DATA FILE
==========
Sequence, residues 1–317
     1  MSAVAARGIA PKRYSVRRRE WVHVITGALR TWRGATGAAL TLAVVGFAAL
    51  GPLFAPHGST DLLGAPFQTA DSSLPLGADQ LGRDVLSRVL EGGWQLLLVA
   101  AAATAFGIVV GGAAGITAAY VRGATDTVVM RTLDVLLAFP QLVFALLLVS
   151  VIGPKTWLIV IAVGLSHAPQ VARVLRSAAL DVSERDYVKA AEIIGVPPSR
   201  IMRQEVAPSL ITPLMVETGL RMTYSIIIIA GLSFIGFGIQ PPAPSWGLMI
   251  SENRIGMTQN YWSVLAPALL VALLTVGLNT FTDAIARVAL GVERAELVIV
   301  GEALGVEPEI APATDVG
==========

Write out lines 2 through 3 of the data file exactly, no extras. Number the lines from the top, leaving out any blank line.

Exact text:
     1  MSAVAARGIA PKRYSVRRRE WVHVITGALR TWRGATGAAL TLAVVGFAAL
    51  GPLFAPHGST DLLGAPFQTA DSSLPLGADQ LGRDVLSRVL EGGWQLLLVA